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College bowls leave many teams with satisfied smiles

By Staff | Jan 10, 2020

SHEPHERDSTOWN — This coming Monday, the winner of the LSU vs. Clemson game will be the happiest team when all the kickoffs and trips to Dixie’s sunny shores have been counted.

The national championship will have been decided on the field. No more polls that leave undefeated teams finishing with a No. 2 or No. 3 ranking.

The loser of that game will mutter “what could have been,” but both those juggernauts have recruited very well this winter and will be be primed for another run at the national title in 2020.

Many of the other bowl participants were almost as happy as the prize-winning national champion.

In the largest bowls, those with decades-long prestige and gigantic paydays, it was Georgia downing Baylor in the Sugar Bowl to wipe away much of the stain received from being drowned by LSU in the SEC championship game; then came Oregon’s one-point win over Wisconsin in the Rose Bowl. Oregon has been troubled by coaching problems in recent years before landing on top of the mountain in the last two seasons.

Florida, which was mired in losses before 2018, won in the Orange Bowl over Virginia. The Wahoos will settle for a southern trip and national recognition any time.

Penn State smothered upstart Memphis, 53-39, in the Cotton Bowl where the weather wasn’t dreadful.

Some of the more magical moments in the bowls of less stature came at Tulane when the Green Wave defeated Southern Mississippi in the Armed Forces Bowl and in the Military Bowl, where North Carolina cruised past Temple, 55-13.

Tulane is a prestigious icon in educational circles and rarely tweaks the nose of its football opponents. North Carolina had won two games in 2018 and three games in 2017, so its thrashing of Temple completed a satisfying year.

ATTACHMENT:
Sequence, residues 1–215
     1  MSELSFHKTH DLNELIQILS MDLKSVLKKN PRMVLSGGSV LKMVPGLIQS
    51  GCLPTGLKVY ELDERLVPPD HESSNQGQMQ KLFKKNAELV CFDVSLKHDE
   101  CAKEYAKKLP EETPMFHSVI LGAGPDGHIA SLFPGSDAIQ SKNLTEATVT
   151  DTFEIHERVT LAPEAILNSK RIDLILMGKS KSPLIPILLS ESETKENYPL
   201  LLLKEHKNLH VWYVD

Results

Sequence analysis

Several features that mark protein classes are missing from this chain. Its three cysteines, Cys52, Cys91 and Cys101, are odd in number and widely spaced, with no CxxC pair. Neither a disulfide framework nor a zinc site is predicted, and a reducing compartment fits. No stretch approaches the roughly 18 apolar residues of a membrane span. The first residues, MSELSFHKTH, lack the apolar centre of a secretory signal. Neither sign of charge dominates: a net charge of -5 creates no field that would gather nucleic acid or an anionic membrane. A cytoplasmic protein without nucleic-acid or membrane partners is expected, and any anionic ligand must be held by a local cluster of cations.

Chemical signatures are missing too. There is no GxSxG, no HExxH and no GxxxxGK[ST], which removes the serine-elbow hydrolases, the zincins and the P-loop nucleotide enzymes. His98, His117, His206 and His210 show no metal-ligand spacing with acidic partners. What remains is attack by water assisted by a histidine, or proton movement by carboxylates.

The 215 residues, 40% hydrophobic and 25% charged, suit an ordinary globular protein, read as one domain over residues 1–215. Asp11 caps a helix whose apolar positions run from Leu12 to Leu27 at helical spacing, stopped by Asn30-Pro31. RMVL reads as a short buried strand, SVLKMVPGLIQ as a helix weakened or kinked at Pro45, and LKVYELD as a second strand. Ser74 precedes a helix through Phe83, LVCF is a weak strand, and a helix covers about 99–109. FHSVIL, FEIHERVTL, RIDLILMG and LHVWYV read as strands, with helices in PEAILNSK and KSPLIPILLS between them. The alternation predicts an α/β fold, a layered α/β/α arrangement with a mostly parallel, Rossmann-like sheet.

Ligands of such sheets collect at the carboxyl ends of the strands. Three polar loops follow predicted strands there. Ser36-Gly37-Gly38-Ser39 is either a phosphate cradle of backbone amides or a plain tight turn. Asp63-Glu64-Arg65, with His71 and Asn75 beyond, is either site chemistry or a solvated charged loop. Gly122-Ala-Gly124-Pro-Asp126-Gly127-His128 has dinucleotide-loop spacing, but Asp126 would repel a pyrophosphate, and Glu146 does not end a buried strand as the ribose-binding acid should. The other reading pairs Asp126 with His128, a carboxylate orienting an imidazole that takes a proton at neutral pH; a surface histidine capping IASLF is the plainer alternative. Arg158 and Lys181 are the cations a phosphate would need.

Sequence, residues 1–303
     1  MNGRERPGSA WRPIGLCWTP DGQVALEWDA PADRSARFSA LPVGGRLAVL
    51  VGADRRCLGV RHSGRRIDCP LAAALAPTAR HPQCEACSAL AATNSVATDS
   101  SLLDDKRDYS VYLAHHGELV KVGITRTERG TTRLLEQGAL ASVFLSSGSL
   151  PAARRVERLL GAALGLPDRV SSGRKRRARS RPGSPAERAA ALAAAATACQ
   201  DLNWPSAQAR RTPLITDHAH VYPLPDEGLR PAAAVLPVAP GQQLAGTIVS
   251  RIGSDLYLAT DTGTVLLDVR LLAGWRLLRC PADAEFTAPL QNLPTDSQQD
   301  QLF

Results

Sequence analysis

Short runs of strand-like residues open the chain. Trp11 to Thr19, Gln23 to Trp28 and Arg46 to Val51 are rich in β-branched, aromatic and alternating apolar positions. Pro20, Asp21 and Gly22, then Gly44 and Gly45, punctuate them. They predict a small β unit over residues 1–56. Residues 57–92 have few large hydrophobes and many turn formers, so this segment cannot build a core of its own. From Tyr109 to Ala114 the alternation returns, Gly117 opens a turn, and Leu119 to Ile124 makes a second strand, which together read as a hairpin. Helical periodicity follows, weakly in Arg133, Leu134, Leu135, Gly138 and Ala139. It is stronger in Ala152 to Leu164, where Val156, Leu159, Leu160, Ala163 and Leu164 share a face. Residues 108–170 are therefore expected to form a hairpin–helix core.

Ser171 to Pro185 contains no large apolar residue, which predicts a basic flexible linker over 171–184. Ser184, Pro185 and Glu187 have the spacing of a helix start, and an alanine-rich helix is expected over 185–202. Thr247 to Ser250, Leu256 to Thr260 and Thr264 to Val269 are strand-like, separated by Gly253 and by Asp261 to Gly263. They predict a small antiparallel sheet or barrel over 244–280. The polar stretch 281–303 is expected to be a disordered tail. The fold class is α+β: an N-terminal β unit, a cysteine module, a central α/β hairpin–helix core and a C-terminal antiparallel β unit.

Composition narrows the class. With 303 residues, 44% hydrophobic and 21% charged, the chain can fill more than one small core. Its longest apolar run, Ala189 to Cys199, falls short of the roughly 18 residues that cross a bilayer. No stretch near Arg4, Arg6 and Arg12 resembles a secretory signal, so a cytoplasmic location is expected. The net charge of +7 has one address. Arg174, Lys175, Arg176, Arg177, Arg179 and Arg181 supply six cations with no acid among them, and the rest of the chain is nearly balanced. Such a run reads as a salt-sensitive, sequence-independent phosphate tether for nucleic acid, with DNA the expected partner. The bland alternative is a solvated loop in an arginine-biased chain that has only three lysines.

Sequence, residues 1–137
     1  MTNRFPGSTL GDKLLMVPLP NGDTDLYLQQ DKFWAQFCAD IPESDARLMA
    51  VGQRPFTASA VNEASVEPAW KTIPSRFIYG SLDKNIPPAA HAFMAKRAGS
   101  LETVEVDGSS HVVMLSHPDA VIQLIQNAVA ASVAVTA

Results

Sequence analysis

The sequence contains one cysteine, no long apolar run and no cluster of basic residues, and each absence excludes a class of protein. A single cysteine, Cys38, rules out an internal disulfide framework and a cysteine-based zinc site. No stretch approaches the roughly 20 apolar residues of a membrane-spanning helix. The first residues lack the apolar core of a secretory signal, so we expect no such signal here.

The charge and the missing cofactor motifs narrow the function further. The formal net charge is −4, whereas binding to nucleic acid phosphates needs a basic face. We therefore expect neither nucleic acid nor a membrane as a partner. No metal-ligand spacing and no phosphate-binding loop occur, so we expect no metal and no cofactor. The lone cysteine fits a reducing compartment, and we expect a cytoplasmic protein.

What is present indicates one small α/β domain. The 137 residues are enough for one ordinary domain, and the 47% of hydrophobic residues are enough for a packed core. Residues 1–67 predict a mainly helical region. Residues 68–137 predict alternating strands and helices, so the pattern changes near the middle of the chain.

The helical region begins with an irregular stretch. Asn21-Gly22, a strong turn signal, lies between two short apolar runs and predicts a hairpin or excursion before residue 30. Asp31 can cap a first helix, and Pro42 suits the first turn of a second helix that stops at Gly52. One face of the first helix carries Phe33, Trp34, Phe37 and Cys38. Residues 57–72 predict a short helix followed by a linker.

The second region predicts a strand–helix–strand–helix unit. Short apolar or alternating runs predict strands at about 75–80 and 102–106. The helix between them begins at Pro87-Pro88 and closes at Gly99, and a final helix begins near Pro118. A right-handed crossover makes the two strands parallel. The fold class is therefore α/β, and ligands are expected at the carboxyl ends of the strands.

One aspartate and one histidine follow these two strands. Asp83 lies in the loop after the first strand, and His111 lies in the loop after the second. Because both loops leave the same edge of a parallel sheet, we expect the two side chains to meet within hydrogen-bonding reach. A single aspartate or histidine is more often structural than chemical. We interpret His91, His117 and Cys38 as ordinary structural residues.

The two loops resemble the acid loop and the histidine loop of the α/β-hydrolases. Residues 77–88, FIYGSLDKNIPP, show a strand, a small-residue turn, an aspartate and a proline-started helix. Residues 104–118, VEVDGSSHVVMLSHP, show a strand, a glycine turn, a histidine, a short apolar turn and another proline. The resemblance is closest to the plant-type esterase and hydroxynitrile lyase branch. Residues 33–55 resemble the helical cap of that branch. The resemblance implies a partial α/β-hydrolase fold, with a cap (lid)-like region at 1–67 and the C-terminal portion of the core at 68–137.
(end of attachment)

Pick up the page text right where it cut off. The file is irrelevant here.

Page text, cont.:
Liberty was in its first season of competing with the schools with large stadiums, large student bodies and wide streams of money. The Flames topped Georgia Southern in the Cure Bowl.

Schools from the Brutal Winter Belt that found themselves in San Diego and Tampa to spend their vacations were Iowa and Minnesota. Iowa drubbed Southern California in the Holiday Bowl and up-and-coming Minnesota bested Auburn in the Outback Bowl. Going to a sun-splashed area, and winning the games were a double-bonus for followers of the Hawkeyes and Golden Gophers.

Louisiana Tech posted a 14-0 win over Miami of Florida in the Independence Bowl, causing the Hurricanes to promptly fire their offensive coordinator.

Navy not only snapped a three-game losing streak to Army, but also beat Kansas State in the Liberty Bowl to restore confidence by the Severn River in Annapolis, and also claim the Commander in Chief Trophy that had resided in a case at West Point for three winters.

In the Belk Bowl in Charlotte, Kentucky edged Virginia Tech, 31-30, to send long-time Hokie defensive coordinator Bud Foster into retirement with loss.

The Air Force Academy, which once again lost to Navy, won a 31-21 decision over Washington State in the Cheez-It Bowl.

The Big Orange at Tennessee won its last three regular season games to qualify for the Florida-based Gator Bowl. The Vols trailed, 22-9, to Indiana before scoring a pair of fourth-quarter touchdowns to win 23-22 and complete a season with an 8-5 record.

And Alabama, carrying two losses for the first time in a while, bullied Michigan with a second-half offensive performance, to win 35-16 over a team whose coach belittled the Southeastern Conference in pre-season remarks.

LSU or Clemson will have the broadest grins late Monday night, but other teams will still be smiling when fall football practice begins anew in August.